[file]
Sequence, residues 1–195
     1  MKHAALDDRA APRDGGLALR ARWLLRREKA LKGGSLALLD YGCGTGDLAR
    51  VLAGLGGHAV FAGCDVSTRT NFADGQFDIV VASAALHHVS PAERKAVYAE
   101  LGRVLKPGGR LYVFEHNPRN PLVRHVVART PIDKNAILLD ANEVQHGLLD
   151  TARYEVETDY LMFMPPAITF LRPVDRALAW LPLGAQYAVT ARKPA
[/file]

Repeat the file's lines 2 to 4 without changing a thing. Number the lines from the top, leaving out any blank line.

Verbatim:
     1  MKHAALDDRA APRDGGLALR ARWLLRREKA LKGGSLALLD YGCGTGDLAR
    51  VLAGLGGHAV FAGCDVSTRT NFADGQFDIV VASAALHHVS PAERKAVYAE
   101  LGRVLKPGGR LYVFEHNPRN PLVRHVVART PIDKNAILLD ANEVQHGLLD